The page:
Quarterly: Issue No 45
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EFFECTIVE ISLAMIC EDUCATION
Islamic society is founded on the principles of belief and righteous conduct. This connection between values and practice lies at the very heart of the Islamic way of life. To be a Muslim requires that one’s faith be reflected in one’s practice and daily moral conduct with other people. We have the beautiful teachings of the Holy Qur’an and Prophetic Sunnah, and we have many masaajid, Islamic schools and organizations. Yet many Muslims today do not live in accord with the principles and values of their faith. What is the root of the problem? The problem is that Islamic religious instruction, in recent centuries, has been taught primarily as a body of information, rather than as a body of experiences. For many Muslim children today, Islam does not inspire, and seems meaningless and irrelevant to their personal lives and experiences.
The “Islamic values” education curriculum should focus on personality and character development of children, close attention to the real needs and concerns of students, and preparation of students with the critical thinking and problem-solving skills needed to function successfully as Muslims in a multi-cultural society. If we hope to succeed in our goal to raise our children Islamically, Muslim educators and parents must start to develop a better understanding of how children grow and learn; we must understand the processes of moral development and the methods of effective teaching and learning. Our children will not become moral individuals simply because we want or tell them to do so. They will become moral individuals by cultivating their minds and hearts, and by having opportunities to actually see and apply Islamic values in practice. The pervasive influence of secular materialism and its value system seriously challenges religious-minded individuals and communities. To a large extent, the future will depend on how well we educate our children today and to what extent we are successful in transferring to them the sacred vision of life we have as Muslims. What is at stake is nothing less than the moral and spiritual survival of our children and our communities as Muslims. Without a proper understanding of the Islamic value system, there is little hope that the true goals (maqaasid) of Islamic education can be achieved. Islamic schools have a crucial role to play in providing concrete solutions and programs that will foster this understanding among students and in promoting the role and responsibility of the family in the process of Islamic upbringing (tarbiyyah).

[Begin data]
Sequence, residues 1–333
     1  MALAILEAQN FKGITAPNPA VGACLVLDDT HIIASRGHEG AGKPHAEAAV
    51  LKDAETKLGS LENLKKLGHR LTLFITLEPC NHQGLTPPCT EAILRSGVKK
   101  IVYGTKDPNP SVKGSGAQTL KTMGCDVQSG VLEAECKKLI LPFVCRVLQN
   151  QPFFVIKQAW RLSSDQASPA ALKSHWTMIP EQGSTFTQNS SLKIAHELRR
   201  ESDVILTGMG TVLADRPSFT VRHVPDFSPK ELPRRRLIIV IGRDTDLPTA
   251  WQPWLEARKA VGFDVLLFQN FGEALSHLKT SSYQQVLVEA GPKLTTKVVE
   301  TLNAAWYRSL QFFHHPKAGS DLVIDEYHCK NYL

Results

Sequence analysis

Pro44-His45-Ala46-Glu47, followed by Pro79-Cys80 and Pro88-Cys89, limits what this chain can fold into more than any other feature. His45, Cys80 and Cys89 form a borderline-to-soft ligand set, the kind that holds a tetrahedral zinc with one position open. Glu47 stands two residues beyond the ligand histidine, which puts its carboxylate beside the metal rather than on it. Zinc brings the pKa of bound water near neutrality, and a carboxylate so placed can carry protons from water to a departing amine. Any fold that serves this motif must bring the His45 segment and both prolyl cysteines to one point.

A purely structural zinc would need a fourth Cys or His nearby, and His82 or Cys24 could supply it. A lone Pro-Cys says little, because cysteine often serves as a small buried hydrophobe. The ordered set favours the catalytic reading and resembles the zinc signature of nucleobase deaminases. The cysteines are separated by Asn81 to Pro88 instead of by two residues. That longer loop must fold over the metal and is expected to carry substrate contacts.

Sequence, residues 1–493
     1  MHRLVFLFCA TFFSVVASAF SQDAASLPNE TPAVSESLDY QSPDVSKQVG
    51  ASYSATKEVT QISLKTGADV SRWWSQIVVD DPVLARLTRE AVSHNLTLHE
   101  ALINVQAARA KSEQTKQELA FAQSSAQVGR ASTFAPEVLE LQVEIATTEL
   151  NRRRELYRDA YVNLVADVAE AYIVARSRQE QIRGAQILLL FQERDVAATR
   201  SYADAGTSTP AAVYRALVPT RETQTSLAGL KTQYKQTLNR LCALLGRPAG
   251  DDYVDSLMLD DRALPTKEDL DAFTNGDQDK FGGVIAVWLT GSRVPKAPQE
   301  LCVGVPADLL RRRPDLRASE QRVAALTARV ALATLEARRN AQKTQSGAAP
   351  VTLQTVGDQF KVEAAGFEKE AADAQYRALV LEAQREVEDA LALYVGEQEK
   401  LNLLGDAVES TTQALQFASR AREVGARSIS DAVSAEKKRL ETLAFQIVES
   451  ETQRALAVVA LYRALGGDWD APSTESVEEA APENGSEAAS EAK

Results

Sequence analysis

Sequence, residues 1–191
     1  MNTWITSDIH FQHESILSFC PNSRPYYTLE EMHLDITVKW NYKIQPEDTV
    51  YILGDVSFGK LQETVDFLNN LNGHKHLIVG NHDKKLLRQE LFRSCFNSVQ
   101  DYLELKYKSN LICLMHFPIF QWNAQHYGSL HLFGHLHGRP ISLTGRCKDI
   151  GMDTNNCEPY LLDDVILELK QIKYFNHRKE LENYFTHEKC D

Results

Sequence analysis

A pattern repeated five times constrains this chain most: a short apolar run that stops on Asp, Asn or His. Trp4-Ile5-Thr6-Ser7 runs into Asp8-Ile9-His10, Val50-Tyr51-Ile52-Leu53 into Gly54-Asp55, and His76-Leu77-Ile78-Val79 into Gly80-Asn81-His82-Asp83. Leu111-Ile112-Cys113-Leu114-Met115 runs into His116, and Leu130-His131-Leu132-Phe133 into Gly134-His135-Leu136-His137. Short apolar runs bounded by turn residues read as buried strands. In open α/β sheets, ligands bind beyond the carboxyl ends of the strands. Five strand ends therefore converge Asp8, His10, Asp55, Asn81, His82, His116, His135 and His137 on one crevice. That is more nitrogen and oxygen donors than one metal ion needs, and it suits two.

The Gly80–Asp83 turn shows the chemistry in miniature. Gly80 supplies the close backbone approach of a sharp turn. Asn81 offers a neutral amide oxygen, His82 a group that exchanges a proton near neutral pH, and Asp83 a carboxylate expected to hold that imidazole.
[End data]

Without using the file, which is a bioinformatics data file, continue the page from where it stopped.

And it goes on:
Fortunately, a sense of renewal is in the air today and enlightened Muslims are eager to find real solutions to the problems and challenges facing the Muslim, including re-examination of both how and what we teach our children about Islam. Muslim educators must restructure the Islamic Studies curriculum - both what is taught and how it is taught - if our children are to develop the spiritual survival skills needed to survive as Muslims in the twenty-first century. Let us examine some outlines of a new vision of Islamic education which will be capable of producing Muslim youth with a level of understanding, commitment and social responsibility that will both motivate and enable them to serve Islam and humanity effectively, insha Allah. Islamic education must be able to produce Muslim youth that are able to identify, understand and then work cooperatively to solve the problems that face their community and the world in which they live and for which they are responsible. To us, this should be the most effective form of Islamic da’wah.
This vision is not a "new vision" but rather a "renewed vision" of Islamic education. It is a call for the return to the classical - though not traditional or conventional - vision of Islamic education. In the lifetime of our beloved Prophet (Sallallahu Alayhi Wasallam) Islamic education was both practical and very relevant. The Prophetic model of Islamic education drew its substance from the everyday experiences and day-today problems of the early Muslim community. Although Islamic education will undoubtedly draw much of its content from the foundational disciplines of Islamic Studies (such as Aqeedah, Tafseer, Fiqh, etc.), it must be done in a way that links this content to the natural concerns of students as well as the larger issues facing the world in which they live. This is the challenge of modern-day Islamic education.